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For Urban Air Mobility, A Picture May Be Worth Billions of Words

Storyboard in different design phase
Storyboards can help planners understand how any new concept might work, including Urban Air Mobility.

Some people are visual learners. They best understand unfamiliar concepts when they are presented graphically, which is to say, visually, versus by reading text. That’s the principle, four researchers – two from the Indian Institute of Technology in Hyderabad, India, and two from Australia’s Swinburne University of Technology – employed in an effort to help city planners, investors, designers, and policymakers best understand, and ultimately implement, urban air mobility (UAM) around the globe.

Their thesis is perhaps deceptively simple: Draw a picture, a storyboard if you will, to help professionals charged with getting UAM off the ground in their respective cities, regions, and countries.

The notion of telling stories to get a point across is literally millennia-old: “Those who tell stories rule society,” the ancient Greek philosopher, Plato, said.

In their research paper, “Understanding Working Scenarios of Urban Air Mobility,” presented at the International Design Conference in Cavtat, Croatia in May 2022, and published online by Cambridge University Press, Dr. Priyabrata Rautray, Jithin D. Mathew, Dr. Boris Eisenbart, and Dr. Joe Kuys, used an illustration first presented by N.F.M. Roozenburg in 1995, detailing how storyboards can help planners understand how any new concept might work.

The research paper went on to describe several VTOL technologies currently in the advanced stages of development, such as Joby Aviation’s tilt-rotor eVTOL, Airbus’ tilt-wing aircraft, Lilium’s tilt-duct, and Terrafugia’s transformable design.

Trip Planning, UAM-style

The study examined several potential scenarios customers might experience when considering on-demand UAM transportation.

Illustration for fixed propeller UAM

The researchers’ work suggested 10 key requirements those who are designing, building, planning for, and who will be expected to govern, future private and commercial UAM operations:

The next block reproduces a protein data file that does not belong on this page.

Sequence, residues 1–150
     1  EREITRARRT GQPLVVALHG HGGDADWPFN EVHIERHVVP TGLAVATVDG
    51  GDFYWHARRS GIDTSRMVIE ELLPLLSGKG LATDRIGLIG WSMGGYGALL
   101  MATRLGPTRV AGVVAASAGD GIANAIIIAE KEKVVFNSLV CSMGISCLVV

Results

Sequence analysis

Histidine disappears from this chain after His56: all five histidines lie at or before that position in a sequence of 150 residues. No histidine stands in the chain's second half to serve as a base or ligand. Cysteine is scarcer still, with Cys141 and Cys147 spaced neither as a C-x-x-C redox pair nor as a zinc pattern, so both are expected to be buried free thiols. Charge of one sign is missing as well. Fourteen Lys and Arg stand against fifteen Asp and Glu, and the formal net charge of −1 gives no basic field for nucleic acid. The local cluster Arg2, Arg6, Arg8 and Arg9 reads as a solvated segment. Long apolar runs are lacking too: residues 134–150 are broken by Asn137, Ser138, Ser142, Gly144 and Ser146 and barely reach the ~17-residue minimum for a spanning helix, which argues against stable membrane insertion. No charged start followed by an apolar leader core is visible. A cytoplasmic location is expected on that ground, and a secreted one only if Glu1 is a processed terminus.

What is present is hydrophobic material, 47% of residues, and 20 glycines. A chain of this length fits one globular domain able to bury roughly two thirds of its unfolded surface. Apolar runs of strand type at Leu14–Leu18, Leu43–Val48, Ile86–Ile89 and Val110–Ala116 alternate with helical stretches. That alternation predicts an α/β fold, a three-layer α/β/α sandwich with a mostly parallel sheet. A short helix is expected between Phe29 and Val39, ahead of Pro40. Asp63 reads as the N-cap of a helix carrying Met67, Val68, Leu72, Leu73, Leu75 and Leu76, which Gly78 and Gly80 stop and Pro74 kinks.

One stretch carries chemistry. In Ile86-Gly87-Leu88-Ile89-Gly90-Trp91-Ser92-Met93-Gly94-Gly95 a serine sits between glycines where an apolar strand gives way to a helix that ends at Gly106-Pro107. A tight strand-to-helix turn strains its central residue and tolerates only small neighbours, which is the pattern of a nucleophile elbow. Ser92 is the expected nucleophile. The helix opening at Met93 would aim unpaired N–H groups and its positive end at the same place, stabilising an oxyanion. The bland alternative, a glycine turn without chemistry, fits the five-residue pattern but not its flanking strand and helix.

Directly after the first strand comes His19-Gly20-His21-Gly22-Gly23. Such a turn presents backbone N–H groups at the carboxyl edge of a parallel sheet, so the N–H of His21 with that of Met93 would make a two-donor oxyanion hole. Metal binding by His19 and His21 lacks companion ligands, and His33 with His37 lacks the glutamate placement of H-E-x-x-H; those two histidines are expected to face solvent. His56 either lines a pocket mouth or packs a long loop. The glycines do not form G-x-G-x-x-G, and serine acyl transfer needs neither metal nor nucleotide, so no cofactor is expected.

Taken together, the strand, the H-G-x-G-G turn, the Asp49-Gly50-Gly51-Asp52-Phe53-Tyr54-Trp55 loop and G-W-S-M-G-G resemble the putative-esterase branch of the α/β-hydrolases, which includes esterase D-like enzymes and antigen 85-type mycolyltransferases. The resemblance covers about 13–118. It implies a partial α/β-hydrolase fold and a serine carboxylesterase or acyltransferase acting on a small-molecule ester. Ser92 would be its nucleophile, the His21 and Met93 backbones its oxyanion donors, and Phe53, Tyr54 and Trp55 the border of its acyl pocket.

• A vigorous air traffic control and management system will need to be developed for piloted and uncrewed, intra-city air travel.
  • Any network of vertiports being developed should be connected to currently existing transportation hubs, such as airports.
  • Planners should set aside parking spaces specifically for UAM operations; they should have easy access to traditional roads and transportation centers.
  • Vertiport design and development should plan to accommodate private and commercial UAM operations, including parking and access to power charging facilities.
    Illustration for modular system for UAM.
  • Geo-fencing and tagging will be critical to ensure safe, efficient operations.
  • Properly defining and classifying urban air space will facilitate greater UAM operations.
  • Urban planners will need to account for existing conditions and those UAM operations will bring – e.g., avoid overhead electric cables and plan for multilevel parking.
  • Transportation authorities will need a new database management system to keep track of these novel types of vehicles, properly registering and classifying them.
  • UAM operations will necessitate the development of an advanced security system to foil potential system hacks and terrorist attacks.
  • Developing and enforcing rigorous no-fly zones to ensure privacy, mitigate noise concerns, and avoid collisions, especially in residential or institutional area.
    Illustration for a modular system for UAM

Seeing Is Believing, Understanding, and Achieving

Much, if not most, of the discussion around the impending advent of UAM/AAM, and eVTOLs has been around the technologies that will enable this quantum leap in transportation of people, goods, and services. Fair enough. But, as the authors of “Understanding Working Scenarios of Urban Air Mobility,” explain (illustrate?), sometimes, in order to create the future, you need to see the whole picture – literally, first.

Dave Clarke

Dave Clarke is a California-based writer who is fascinated by the way technology changes our lives.